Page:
School Law Timelines
The following are timelines that you are likely to encounter as you navigate through the Illinois School Code, the Illinois School Student Records Act, the federal Individuals with Disabilities Education Act, and their implementing regulations. These timelines are for your reference, but we recommend that you look at the entire section of the indicated statutory provisions or administrative regulation for more detailed information. Please note some timeframes are based strictly on Illinois law and are not applicable to other states. Items in ‘red’ are defined in the end notes.
The following are common cites to statues and regulations found this document:
- Illinois School Code – 105 ILCS 5/__
- Illinois School Student Records Act – 105 ILCS 10/___
- Illinois Administrative Code, Title 23 (Education), Part 226 (Special Education) – 23 IAC 226.___
- U.S. Code of Federal Regulations, Title 34 (Education), Part 300 (Education of Students with Disabilities) – 34 CFR § 300.___
- U.S. Code, Title 20 (Education), Chapter 13 (Education of Individuals with Disabilities) – 20 USC § 1400 et seq.
Regular Education Students
|Suspension: A non-disabled student may be suspended for a serious act of misconduct||
for 10 consecutive school days or less
|105 ILCS 5/10-22.6(b)||The suspension may be longer if for gross disobedience or misconduct on a school bus for safety reasons.
There is no upward limit on the cumulative number of days a non-disabled student may be suspended during the school year.
|Notice of Suspension: A parent/guardian must receive a notice of the suspension which includes the reason for the suspension, the length of the suspension, and a notice of the parent/guardian’s right to review the school’s decision||
|105 ILCS 5/10-22.6(b)||This notice may be oral or written.|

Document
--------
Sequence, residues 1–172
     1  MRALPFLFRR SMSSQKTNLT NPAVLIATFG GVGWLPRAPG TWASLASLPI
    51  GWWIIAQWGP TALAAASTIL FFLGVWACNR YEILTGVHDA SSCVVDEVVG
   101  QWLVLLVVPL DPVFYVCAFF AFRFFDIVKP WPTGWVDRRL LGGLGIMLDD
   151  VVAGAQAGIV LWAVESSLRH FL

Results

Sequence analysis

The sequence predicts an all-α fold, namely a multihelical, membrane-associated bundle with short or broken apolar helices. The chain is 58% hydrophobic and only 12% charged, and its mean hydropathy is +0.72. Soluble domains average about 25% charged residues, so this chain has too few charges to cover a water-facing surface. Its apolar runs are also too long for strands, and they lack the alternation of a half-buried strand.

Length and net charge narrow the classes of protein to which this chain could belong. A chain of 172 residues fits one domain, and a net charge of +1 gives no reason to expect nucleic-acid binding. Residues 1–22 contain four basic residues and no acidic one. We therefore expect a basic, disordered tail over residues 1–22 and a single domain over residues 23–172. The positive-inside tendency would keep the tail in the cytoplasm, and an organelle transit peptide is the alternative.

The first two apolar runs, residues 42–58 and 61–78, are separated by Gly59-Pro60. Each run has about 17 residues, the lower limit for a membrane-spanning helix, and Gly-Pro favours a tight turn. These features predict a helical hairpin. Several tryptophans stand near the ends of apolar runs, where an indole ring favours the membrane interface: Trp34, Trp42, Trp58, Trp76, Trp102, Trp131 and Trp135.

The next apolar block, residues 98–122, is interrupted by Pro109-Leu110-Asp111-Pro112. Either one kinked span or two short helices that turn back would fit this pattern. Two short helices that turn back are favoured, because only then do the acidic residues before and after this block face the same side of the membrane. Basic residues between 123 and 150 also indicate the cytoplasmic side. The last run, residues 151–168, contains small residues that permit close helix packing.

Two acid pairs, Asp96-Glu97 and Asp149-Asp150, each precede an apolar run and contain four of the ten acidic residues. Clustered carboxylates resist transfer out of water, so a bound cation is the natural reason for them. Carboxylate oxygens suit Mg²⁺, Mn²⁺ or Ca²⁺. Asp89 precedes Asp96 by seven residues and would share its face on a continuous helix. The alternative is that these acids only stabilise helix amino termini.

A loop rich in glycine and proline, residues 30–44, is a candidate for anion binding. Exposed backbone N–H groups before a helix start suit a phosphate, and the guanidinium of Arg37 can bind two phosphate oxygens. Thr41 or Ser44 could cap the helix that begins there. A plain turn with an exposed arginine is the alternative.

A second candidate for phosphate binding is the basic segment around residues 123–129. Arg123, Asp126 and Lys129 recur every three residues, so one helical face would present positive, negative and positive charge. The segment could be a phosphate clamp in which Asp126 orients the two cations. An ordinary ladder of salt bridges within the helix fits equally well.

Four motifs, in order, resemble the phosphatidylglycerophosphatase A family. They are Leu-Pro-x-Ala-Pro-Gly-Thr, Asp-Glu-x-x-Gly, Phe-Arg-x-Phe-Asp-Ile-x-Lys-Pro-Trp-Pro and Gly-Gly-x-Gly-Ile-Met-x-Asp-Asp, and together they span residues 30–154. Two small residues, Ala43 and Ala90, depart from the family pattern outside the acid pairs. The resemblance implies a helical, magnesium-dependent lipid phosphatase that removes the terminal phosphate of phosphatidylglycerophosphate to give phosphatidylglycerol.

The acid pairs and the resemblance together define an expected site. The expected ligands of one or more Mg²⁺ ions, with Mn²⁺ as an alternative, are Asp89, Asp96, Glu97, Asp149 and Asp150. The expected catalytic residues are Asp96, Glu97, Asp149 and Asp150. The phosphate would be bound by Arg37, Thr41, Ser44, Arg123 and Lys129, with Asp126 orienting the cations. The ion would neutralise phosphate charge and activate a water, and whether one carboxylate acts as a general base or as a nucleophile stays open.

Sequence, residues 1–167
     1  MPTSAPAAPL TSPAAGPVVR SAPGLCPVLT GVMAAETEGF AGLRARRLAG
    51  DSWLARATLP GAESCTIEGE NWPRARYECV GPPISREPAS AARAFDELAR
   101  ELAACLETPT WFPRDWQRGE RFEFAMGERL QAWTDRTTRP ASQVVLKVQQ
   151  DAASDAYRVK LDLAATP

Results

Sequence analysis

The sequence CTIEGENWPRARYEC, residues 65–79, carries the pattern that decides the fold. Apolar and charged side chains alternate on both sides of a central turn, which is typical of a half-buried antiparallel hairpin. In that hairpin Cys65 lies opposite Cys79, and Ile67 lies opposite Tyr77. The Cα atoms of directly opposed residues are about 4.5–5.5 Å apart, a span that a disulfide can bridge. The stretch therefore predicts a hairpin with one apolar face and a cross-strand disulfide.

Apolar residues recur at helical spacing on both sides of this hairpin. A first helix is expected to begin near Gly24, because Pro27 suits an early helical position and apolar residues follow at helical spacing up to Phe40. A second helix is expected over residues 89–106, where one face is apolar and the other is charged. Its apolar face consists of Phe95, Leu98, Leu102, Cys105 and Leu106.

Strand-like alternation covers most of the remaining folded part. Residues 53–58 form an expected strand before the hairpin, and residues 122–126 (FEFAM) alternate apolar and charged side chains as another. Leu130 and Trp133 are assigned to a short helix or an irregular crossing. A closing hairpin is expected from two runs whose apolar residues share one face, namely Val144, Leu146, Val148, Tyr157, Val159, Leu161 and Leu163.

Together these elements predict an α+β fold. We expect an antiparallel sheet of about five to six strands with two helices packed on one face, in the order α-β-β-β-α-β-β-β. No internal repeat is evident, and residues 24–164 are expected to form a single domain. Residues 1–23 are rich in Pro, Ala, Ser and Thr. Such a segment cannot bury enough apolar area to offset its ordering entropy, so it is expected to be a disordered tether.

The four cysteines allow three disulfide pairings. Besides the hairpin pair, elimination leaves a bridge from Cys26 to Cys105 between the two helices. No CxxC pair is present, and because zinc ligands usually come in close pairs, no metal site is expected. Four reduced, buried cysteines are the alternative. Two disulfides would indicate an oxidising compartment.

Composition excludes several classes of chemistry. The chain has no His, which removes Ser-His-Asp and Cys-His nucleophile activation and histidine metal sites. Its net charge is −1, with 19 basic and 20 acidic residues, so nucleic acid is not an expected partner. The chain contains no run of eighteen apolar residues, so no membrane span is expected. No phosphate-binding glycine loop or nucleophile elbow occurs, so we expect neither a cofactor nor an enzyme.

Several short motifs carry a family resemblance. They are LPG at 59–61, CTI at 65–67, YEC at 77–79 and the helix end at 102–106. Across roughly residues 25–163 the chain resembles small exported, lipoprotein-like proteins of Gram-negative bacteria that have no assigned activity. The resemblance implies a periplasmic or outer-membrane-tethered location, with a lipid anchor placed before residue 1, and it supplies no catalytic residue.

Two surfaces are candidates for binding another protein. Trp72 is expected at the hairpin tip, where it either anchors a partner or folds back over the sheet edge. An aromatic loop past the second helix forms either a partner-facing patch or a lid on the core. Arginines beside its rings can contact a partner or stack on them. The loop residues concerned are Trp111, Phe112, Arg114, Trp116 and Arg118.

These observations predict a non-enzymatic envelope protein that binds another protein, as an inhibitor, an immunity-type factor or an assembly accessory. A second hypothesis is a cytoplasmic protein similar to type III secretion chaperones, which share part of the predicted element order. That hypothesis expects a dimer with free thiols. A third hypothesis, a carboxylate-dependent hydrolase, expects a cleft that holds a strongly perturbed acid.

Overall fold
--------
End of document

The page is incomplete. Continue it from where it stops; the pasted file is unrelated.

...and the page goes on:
|Review of Suspension Decision: A school board or its appointed hearing officer shall review the action of the superintendent, principal, assistant principal or dean of students to suspend, at a meeting where the parent/guardian may appear to discuss the suspension with the board or its hearing officer||
upon the request of the parent/guardian
|105 ILCS 5/10-22.6(b)||If a hearing officer is appointed, he/she shall report to the school board a written summary of the evidence heard at the meeting.
Upon receiving the written report of the hearing officer or after conducting the meeting, the school board may take action as it finds appropriate.
|Expulsion: A non-disabled student may be removed from school for gross disobedience or misconduct for a period of time||105 ILCS 5/10-22.6(a);
105 ILCS 5/10-22.6(d)
|A student may be expelled only after the parent/guardian has been requested to appear at a meeting with the school board or hearing officer.
Notice of the hearing must be sent by registered or certified mail, and must state the time, place, and purposes of the hearing.
[i] Official Records Custodian – “(a) Each school shall designate an official records custodian who is responsible for the maintenance, care and security of all school student records, whether or not such records are in his personal custody or control. (b) The official records custodian shall take all reasonable measures to prevent unauthorized access to or dissemination of school student records.” 105 ILCS 10/4(a)-(b).
[ii] Pursuant to 23 IAC 226.110, if the school district determines not to conduct an evaluation it must provide written notice to the parents in accordance with 34 CFR § 300.503(b). Section 300.503(b) states as follows: “The noticed required . . . must include – (1) A description of the action proposed or refused by the agency; (2) An explanation of why the agency proposes or refuses to take the action; (3) A description of each evaluation procedure, assessment, record, or report the agency used as a basis for the proposed or refused action; (4) A statement that the parents of a child with a disability have protection under the procedural safeguards of this part and, if this notice is not an initial referral for evaluation, the means by which a copy of a description of the procedural safeguards can be obtained; (5) Sources for parents to contact to obtain assistance in understanding the provisions of this part; (6) A description of other options that the IEP Team considered and the reasons why those options were rejected; and (7) A description of other factors that are relevant to the agency’s proposal or refusal. 34 CFR § 300.503(b).
[iii] The 60-school day time frame does not commence until the parents have signed the domain review form, providing consent to conduct the indicated assessments. 23 IAC 226.110(c)(3); 34 CFR § 300.305.